The Japanese art of kintsugi (“joining with gold”) involves the slow, careful repairing of broken pottery with lacquer and gold, making something more precious through working with the brokenness, forming a new wholeness that embraces the fragmentation. I have hope for our communities, our nation, our world, and each of us, because the art and slow, careful work of acknowledging and repairing personal and communal injuries and brokenness is not a challenge that is new in our time. We have maps and models and lessons from ancient and more recent wisdom traditions to which we can turn to practice these arts – with and for ourselves, our families, our communities, our nation, our world and our precious planet as a whole. This blog will come in two parts, this first focusing more on the inspiration and maps of ancient wisdom traditions, the second applying more modern psychotherapy models.Read More»
It is our calling to hold people when they are hurting, sad, afraid, or angry.
Today, as on many other days, we may witness deep distress and wonder how to help. We, ourselves, may need comfort or support even as we strive to assist others with their pain. It is helpful to be reminded of our guiding principles and our strategies for resourcing.Read More»
Carrie, Sharon, and I had our weekly meeting the day after the news from San Bernardino broke. Like everyone, we were in touch with a sense of hopelessness and despair. That awful feeling of “not again.” I told them how only days earlier, I’d had to hold back tears as my kids matter-of-factly compared their classrooms’ lock-down drills over dinnerRead More»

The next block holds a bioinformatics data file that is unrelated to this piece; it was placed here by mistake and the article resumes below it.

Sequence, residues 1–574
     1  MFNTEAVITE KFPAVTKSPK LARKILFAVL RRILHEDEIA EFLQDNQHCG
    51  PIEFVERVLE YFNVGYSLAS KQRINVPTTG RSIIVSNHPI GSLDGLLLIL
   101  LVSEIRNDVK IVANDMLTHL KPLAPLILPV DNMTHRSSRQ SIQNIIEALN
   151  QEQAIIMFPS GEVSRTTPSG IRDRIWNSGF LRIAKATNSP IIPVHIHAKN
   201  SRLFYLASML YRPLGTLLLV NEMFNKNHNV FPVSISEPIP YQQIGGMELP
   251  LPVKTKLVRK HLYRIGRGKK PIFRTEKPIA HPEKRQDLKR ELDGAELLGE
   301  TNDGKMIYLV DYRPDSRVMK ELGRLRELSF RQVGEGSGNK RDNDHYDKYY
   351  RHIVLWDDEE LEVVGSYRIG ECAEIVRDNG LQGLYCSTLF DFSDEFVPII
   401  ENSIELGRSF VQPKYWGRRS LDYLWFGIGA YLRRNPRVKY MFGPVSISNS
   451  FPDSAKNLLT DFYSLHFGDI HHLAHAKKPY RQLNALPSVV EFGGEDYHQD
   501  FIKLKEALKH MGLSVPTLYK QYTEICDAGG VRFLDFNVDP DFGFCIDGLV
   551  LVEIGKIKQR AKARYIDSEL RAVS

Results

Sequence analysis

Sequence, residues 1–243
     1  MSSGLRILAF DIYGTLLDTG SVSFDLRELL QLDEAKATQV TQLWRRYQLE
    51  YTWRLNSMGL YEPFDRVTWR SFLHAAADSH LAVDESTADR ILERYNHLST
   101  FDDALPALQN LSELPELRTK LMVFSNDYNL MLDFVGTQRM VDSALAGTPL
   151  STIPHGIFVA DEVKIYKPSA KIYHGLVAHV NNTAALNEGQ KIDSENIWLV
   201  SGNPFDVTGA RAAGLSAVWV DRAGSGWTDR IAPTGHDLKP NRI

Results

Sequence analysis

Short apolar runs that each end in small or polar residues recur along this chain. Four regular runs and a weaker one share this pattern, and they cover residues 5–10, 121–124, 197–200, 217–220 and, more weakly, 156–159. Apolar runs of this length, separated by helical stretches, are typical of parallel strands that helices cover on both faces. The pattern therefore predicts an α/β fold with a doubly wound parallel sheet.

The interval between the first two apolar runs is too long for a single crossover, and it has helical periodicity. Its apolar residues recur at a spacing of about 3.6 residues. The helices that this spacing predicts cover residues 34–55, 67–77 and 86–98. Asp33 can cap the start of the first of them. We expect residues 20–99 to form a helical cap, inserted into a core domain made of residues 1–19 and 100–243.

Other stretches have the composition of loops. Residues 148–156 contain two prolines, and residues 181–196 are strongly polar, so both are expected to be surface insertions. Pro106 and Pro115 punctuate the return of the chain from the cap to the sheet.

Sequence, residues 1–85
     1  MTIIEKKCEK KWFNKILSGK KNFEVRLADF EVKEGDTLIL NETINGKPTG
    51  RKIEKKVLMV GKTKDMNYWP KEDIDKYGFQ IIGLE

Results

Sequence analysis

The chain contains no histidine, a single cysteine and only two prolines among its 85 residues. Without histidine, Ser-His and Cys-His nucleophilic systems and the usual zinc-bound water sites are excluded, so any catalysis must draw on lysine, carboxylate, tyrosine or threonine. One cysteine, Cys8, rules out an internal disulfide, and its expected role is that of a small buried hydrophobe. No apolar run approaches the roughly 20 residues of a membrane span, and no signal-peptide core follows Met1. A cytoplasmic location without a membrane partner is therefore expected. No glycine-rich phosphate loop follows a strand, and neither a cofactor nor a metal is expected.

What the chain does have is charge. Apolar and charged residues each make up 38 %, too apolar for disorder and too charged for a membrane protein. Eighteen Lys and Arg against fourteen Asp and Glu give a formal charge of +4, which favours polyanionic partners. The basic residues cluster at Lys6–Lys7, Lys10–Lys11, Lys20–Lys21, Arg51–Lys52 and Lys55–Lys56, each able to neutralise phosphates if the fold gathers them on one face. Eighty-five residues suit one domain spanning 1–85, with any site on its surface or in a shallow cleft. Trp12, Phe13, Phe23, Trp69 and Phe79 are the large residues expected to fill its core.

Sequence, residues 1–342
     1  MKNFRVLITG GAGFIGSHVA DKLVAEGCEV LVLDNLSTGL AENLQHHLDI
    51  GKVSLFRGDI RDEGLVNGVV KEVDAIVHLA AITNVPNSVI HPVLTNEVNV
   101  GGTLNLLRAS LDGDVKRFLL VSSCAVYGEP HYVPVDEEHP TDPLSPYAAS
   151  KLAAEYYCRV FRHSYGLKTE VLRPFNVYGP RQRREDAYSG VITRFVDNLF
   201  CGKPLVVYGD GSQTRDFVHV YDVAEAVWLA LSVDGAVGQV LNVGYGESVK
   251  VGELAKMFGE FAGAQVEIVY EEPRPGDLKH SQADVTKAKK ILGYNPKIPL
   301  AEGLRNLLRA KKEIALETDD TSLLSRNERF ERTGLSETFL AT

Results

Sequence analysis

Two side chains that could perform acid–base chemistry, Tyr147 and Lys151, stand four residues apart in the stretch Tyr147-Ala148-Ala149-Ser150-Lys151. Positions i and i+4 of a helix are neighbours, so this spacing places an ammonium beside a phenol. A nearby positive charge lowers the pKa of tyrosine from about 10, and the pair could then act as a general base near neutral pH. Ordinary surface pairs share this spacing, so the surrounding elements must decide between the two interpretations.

If you are like me, you likely find it easier to take care of others than to take care of yourself. Many of us who practice as psychotherapists learned early in life to put the proverbial oxygen mask on others first. After almost 30 years of practicing this way, I am beginning to grow wiser. Many years ago an older female friend shared a pearl of wisdom with me. She let me in on the secret gifts of mid-life: women stop wanting to take care of everyone else and they stop caring what people think about them. As I find myself now at this juncture, with a “revolving door” nest, I recognize the truth of her words. Not that I have stopped wanting to take care of others—the freedom actually has led to much generativity–but I have stopped wanting to do so in the way I used to—without sufficient boundaries, resources or reciprocity.Read More»
“Wonderful things happen when people feel felt, when they sense that their minds are held within another’s mind,” reflects Dan Siegel, a UCLA psychiatrist and prominent theorist in the field of interpersonal neurobiology, as he describes his concept of “mindsight”.
What does it mean to “feel felt” and how does this experience enhance healing in psychotherapy?
“Feeling felt” implies empathy paired with acceptance and presence. It engenders not only understanding, but also resonance. Two people sharing a sacred and respectful space. Being there together, without judgment, pressure, or agenda. Holding curiosity, welcoming what comes. Discovering together the experience or meaning that unfolds organically. In such moments, time slows; wonder grows; awe is possible. Perhaps this is what Siegel imagines when he describes our “minds [being] held within another’s mind.”Read More»
As psychotherapists our most poignant sessions occur when we are in a state of presence and attunement with our clients. At these moments, we are not focused on fixing a problem or remedying a symptom. We are not in the role of expert, but rather of compassionate collaborator or guide. There is a sense of “oneness” with our client’s experience. The connection between us helps to catalyze healing, and true wisdom emerges from an inner knowing rather than from analysis or theory.Read More»